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Lapland without Santa?

Sometimes things are not as they seem. How about Lapland once Santa has packed up and gone? Rachel from our Design Team had the chance to assess first-hand what northern Finland can offer incentive travel groups and what effect any stereotype - Santa, sleighs (even motorised ones), reindeer and snow – has on its attraction?

“Before I left I was a little apprehensive, but in an open-minded way if that makes sense? I knew it was cold, but I was not sure how this would play out, it is inside the Arctic Circle and -18 in April, and the prospect of a stay in a glass igloo added to the intrigue. Food and cuisine was a big unknown, given how often reindeer was mentioned, as was the question of what variety a programme could offer given there is snow everywhere and the area is very sparsely inhabited?

“The visit was for four days, departing from Heathrow. The flights to Ivalo are via Helsinki and time in the air is around four hours, so there is a fair amount of travelling before you reach the destination. On arrival it was immediately noticeable that you are somewhere very different. The light, the air, the landscape, were all totally different to what I expected and had previously experienced.

Lapland - Requires an Open Mind

“As the trip got underway I realised this difference, and the need to challenge your perceptions, started to become more apparent in some very obvious ways, and others less so. For example, following a visit to a reindeer farm at the Holiday Club Saariselkä Hotel we experienced the Angry Birds Park, an experience not unlike a version of Wacky Warehouse for grown-ups. Or how about a sauna, not as we know it but sitting in a dry smoke one, beer in hand!

“Accommodation was very good. A night in a glass igloo at Hotel Kakslauttanen in the Saariselkä area was, guess what, very different to what I imagined beforehand. The layout took a little getting used to, and with no shower they would only appeal to certain group types. However, the novelty (wooden sledge luggage transfer and motorised beds to allow you so sit up and star gaze) and experience is something very different, and with 32 igloos,exclusive use is an option for a winter incentive travel event.

“In terms of variety on the programme, an unexpected highlight was the cultural element, finding out about the indigenous Sami people (as an aside Lapland means “land of the Sami”). It is a big part of life in the region, not just a tourist thing. Culture, language, crafts and folk stories are taught in schools and the reindeer experiences were with people who owned the herd. One incredible difference to what you imagine was the amount of colour. Bright vibrant colours characterised clothing, homes, even trees where ribbons are tied to bring some cheer.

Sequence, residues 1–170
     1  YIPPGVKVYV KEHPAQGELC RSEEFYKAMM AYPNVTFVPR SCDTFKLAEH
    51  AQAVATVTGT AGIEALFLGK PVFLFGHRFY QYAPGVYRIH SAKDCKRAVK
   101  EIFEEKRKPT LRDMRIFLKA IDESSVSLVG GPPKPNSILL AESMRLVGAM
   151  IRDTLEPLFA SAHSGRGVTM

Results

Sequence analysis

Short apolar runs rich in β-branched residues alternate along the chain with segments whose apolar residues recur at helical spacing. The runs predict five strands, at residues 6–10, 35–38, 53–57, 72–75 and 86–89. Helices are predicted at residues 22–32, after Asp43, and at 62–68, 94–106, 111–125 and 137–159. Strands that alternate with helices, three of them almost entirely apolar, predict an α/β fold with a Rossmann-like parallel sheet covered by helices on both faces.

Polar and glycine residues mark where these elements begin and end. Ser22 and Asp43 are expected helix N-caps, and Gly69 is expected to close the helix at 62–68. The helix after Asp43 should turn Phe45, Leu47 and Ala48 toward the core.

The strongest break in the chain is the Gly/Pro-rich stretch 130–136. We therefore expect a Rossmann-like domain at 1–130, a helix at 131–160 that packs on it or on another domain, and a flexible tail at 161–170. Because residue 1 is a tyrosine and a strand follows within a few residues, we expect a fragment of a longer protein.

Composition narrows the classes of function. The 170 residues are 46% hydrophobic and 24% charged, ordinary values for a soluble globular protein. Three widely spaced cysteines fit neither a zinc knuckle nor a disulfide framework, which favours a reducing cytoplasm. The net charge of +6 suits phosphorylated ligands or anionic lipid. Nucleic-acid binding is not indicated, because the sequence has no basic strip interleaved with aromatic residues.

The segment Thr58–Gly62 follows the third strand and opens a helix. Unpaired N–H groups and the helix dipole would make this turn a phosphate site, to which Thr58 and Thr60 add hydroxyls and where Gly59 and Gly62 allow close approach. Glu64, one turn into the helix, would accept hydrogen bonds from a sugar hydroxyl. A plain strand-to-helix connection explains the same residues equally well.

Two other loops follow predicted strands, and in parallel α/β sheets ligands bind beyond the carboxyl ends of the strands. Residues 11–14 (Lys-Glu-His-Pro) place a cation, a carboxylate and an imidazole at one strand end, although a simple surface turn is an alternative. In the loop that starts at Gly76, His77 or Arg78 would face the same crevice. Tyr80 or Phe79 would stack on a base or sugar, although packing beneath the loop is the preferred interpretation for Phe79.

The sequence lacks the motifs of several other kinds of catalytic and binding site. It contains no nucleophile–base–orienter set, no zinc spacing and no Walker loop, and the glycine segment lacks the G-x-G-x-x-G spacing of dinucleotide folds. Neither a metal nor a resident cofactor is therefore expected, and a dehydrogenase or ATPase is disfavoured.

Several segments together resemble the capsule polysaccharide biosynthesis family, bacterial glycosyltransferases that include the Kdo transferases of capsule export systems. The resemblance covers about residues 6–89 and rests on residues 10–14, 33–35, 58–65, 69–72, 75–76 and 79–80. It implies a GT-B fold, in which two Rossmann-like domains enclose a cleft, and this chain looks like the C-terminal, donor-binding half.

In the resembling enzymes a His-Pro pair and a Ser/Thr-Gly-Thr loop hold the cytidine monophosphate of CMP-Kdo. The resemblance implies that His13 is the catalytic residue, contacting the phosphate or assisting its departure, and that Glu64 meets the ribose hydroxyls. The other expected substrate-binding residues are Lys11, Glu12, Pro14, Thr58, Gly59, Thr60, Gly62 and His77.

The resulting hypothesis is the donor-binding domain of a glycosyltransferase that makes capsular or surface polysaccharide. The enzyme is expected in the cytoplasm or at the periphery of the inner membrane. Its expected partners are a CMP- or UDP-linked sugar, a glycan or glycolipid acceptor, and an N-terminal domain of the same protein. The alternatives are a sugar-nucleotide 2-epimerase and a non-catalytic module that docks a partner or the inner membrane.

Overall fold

“And the cuisine? Well, warm and hearty it is, and inevitably reindeer features heavily – steaks, soups, meatballs, stews – as do gherkins. However, there was enough variety, including Lappish king crab and beef, plenty of vegetables, and some very fine dining options. Breakfasts were as you’d get in most destinations, with the obligatory rye bread, and the most interesting edible item had to be moose pizza.

Lapland – an Incentive Programme Summary

Rachel’s short programme covered

And her Lapland itinerary included:

  • Midnight tobogganing
  • Working reindeer farm
  • Holiday Club Saariselkä Hotel and the Angry Birds Park
  • Husky safari
  • Traditional smoke sauna
  • Siida Sámi Museum & Nature Centre and Sajos Sámi Cultural Centre
  • Snowmobile safari to Pielpajärvi Wilderness Church
  • Ice fishing on Lake Inari
  • Design House Idoli

Recommendations for winter incentive travel groups?

Rachel’s summary – “I LOVED Finland, although it is not the place for people looking for luxury and R&R, more those who want action, adrenaline fuelled activities, good food (not just reindeer), fresh air and stunning scenery. It exceeded my expectations and for a lively and fun group of 20 to 30 with open minds and a 'will do' attitude it is an ideal incentive destination. It has that special ingredient for memorable incentive experiences - uniqueness. Also twinning Helsinki and Ivalo makes a lot of sense, it provides that element of ‘difference’ and would showcase the best of Finland.”

See some of Rachel's pics on our Lapland Pinterest board

The Lapland area is tucked between Russia, Sweden and Northern Norway - here's a map to get a closer look

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